I got the perm experience out of the way really early in my life and even then I knew that I didn’t want to rock a perm – permanently. I tried a weave and that for me was my least favorite experience. Based on public response these two styles suited me. Still – I haven’t had a perm in at least 15 years or worn a weave in even longer. But being aware of how I was expected to look if I wanted that job, or to meet that man made my natural hair transition a little uncomfortable at first. Though the hardest thing to tackle were the personal discouragements. People I loved and respected telling me my hair wasn’t good enough, which was tantamount to telling me that I wasn’t good enough. Young as I was I made the choice to wear MY hair.  

A perm, weave, or wig should be a choice. But, let’s be honest, they aren’t when it comes to black women – and men for that matter. Until wearing natural hair really becomes accepted, those other styles aren’t only choices they are requirements. Attaining one is almost a direct inability to attain the other. For example, in my experience, if the perm didn’t work for you (cost, hair didn’t take,etc.) then the next option is to try a weave, then the wig. Most black women wear either to fit in, to be beautiful. But what is beautiful? In my eyes black hair is beautiful too, but that’s not what is portrayed in the society we live. We “hair” ourselves say it, “black is beautiful,” but we don’t seem to believe it. This is understandable psychologically speaking (not a psychologist) however…Our hair, just like our skin is taught to be hated. We burn, glue, and rip our hair and scalp in order to appear less like our true selves, because we are not close to the beauty that wins alcolades or gets the attention. Most would say that that’s a good enough reason. For me it’s not. Not for being who we’ve been told we are historically, inferior, less than, etc. by everyone, including our own.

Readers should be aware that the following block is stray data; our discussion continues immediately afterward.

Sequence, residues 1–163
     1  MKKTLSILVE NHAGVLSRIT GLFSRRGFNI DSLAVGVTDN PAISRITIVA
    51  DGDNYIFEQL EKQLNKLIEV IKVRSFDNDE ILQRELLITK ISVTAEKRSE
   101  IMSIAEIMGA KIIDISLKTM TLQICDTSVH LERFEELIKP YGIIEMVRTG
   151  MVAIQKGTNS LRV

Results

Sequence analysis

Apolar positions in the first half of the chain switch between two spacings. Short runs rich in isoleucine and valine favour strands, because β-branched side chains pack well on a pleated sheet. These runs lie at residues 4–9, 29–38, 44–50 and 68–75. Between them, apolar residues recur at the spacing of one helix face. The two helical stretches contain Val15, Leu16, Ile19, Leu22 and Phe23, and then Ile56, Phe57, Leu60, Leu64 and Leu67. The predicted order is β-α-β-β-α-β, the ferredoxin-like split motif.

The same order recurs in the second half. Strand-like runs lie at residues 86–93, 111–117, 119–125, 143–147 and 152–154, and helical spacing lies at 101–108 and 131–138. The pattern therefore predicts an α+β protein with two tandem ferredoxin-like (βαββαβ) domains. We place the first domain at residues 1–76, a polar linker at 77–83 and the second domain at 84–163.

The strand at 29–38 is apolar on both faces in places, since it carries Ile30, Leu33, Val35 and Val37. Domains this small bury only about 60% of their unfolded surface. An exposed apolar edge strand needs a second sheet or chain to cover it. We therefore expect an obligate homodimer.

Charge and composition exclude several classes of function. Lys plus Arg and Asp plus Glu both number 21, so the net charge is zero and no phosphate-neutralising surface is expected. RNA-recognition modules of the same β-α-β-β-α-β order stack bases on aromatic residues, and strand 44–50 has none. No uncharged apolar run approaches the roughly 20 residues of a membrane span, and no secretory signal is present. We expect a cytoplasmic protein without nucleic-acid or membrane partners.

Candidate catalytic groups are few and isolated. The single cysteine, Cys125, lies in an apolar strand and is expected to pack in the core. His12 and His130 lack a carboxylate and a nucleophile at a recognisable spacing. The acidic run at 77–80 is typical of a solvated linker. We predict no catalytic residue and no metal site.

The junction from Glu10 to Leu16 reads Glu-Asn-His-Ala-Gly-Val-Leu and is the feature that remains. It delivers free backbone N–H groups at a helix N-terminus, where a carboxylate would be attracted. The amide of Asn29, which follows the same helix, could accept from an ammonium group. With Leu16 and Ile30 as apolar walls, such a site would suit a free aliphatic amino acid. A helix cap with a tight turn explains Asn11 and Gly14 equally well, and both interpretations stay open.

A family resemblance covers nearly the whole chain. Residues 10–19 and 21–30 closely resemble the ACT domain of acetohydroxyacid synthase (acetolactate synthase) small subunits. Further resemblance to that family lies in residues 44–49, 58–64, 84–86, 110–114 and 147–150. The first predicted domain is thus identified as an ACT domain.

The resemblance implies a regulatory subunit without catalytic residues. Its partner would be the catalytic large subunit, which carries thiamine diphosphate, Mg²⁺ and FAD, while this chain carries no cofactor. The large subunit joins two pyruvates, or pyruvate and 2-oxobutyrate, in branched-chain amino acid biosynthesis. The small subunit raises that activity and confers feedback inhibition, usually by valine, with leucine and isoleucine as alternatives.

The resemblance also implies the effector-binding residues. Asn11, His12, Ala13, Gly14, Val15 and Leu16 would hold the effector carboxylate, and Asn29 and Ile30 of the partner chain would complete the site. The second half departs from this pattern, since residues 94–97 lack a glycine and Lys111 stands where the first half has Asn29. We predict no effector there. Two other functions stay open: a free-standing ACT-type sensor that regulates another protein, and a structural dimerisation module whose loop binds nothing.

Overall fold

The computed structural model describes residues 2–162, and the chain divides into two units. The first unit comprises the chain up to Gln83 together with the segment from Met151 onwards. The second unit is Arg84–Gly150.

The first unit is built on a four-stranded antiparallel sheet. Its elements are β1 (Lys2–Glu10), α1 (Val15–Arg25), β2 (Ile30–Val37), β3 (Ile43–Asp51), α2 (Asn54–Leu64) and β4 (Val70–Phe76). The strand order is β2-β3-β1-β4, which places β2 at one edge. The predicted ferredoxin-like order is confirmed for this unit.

Having had my own hair journey, I reserve the right to see my beauty as natural as I am, and if I want to embellish that a little to look different for me, then I will, but I KNOW that I love looking at me natural hair and all. 

For those people who say that it’s too hard taking care of natural hair, then explain the massive number if instruments, and hair products, the frequent salon visits to perm, wash and set, cut/clip, wrap, etc. Explain the time and money spent doing these things. Besides, learning anything new requires a little extra time, but once you get the hang of it it’s a breeze.

Like the 70’s, the 2000’s has bolstered the natural hair movement for black people. I love what I see in the black communities, locally and internationally. There’s still a lot of self accepting and self love that needs to happen to make natural hair, a natural choice and the perms, weaves, and wigs will then really truly become choices that you can wear if it suits YOU and if you want to.

Anything else you like to add? How you wear your hair is an individual choice. I believe that it’s one of the things that tend to reflect who we are at different stages in our lives. In the context of the time and place we live in, let’s make it fun and reflective of whom we truly are. Make it a part of society accepted and not taboo.